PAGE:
Lisa Murphy has won the ICI-sponsored Top Chemistry Student award at this year's Science, Engineering and Technology (SET) Student of the Year awards
Lisa Murphy, a chemistry graduate from the University of Durham, won the ICI-sponsored Top Chemistry Student award at this year's Science, Engineering and Technology (SET) Student of the Year awards. Murphy collected her award trophy and £500 at a prizewinners' ceremony held at the Royal Courts of Justice in London in September.
Organised by the World Leadership Forum and supported by many of the UK's leading employers and professional bodies in the science and engineering sectors, the competition recognises the achievements of outstanding SET undergraduates in their final-year research projects.
Students are initially assessed on the basis of a written report and citation from their research project supervisors, and finally by a panel of judges.
The judging panel for chemistry, comprising Royal Society of Chemistry and ICI representatives, chose Murphy as its award winner on the basis of her project in Dr Ritu Kataky's group in the centre for bioactive chemistry at Durham.
The Kataky research group focuses on developing chemical sensors and sensing techniques for physiological and environ-mental applications. Murphy's project, Chiral electrochemical detection of 1-phenylethanol; a key intermediate in many pharmaceutical syntheses, was part of the research group's work to meet Dowpharma's request for a fast, accurate, simple to use, portable and cheap electro-analytical detector for 1-phenyl-ethanol (PE) enantiomers.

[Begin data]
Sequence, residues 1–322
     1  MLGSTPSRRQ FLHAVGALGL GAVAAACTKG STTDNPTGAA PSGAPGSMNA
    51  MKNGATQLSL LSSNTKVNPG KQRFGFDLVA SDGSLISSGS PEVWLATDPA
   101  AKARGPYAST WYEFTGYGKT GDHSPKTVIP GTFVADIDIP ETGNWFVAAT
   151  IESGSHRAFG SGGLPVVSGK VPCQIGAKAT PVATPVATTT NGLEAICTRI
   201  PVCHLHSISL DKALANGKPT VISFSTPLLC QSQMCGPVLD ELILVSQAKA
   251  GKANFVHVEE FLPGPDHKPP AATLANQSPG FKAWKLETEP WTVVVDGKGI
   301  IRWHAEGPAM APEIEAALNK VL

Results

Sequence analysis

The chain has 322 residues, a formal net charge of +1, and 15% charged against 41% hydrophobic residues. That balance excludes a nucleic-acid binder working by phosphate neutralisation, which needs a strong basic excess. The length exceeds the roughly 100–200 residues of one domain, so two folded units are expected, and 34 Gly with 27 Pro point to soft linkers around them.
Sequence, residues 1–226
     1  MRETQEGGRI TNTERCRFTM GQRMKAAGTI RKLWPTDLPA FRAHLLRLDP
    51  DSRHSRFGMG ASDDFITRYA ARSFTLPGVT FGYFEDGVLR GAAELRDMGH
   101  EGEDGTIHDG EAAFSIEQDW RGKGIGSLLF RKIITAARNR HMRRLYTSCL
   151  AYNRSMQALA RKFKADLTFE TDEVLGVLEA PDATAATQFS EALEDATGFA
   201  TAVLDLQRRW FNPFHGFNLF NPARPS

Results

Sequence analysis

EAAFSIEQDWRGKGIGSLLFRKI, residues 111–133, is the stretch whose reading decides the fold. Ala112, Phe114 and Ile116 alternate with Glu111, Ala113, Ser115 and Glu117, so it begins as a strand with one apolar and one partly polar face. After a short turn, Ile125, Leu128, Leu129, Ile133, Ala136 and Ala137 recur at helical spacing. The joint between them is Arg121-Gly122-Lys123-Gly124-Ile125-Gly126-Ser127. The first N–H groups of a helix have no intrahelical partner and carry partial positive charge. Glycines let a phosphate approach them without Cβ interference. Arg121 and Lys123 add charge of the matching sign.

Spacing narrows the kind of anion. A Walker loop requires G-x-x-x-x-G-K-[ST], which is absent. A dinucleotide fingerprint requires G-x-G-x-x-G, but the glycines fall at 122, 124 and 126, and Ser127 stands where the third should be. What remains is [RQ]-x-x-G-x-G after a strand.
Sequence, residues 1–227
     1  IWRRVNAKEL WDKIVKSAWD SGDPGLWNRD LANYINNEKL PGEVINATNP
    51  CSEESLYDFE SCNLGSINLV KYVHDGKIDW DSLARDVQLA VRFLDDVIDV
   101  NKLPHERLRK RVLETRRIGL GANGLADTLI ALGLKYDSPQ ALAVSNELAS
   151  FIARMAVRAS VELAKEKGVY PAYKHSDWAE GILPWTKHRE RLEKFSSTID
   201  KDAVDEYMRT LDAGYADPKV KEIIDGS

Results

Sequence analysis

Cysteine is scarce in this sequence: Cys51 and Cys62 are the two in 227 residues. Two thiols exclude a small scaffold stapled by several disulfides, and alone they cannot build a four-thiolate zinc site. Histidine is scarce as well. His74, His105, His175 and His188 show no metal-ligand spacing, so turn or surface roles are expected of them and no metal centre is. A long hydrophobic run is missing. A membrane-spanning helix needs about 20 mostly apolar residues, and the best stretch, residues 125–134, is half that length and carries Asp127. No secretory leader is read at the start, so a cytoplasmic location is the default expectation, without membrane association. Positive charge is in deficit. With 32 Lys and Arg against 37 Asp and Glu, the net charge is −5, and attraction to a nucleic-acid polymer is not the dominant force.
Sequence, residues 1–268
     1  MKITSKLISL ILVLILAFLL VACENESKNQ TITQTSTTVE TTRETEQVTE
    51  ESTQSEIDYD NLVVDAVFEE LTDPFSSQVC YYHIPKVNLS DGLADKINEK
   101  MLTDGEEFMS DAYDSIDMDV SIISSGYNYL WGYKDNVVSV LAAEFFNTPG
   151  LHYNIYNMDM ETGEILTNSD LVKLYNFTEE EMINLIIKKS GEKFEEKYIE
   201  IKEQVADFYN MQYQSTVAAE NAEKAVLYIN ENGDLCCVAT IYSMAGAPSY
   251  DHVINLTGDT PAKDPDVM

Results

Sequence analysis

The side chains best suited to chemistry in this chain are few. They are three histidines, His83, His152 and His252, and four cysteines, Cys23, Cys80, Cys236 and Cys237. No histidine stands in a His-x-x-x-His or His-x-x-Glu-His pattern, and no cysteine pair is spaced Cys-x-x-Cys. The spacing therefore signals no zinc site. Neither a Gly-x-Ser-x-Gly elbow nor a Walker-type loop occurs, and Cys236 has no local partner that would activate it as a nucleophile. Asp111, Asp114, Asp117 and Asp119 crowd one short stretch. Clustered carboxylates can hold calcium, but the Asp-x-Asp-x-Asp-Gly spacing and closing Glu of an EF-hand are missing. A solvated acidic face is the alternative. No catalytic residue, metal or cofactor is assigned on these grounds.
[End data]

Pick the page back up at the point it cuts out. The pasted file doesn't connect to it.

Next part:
According to Kataky, Murphy started the project with no background in electrochemistry. Despite this she managed to design an electrochemical sensor incorporating chiral catalysts and a new chiral molecule that mimics an enzyme, which catalyses the reversible alcohol to ketone (or aldehyde) conversion. Results from tests against PE showed that the molecule gave enhanced chiral recognition.
Kataky told Education in Chemistry, 'Lisa's work will be forwarded for a patent application and the group is currently applying for further funding to advance its work on novel sensors'. Murphy is currently working as a PhD in Dr Gareth Williams' group at Durham on the synthesis of light-emitting molecules for sensors.
The other two chemistry finalists were Kiera Jones from the University of Birmingham for her project on magnetic field effects on the reaction between iron(ii) and nitric acid, and Tom Hooper from the University of Bristol for his project on low-coordinate phosphorus manifolds.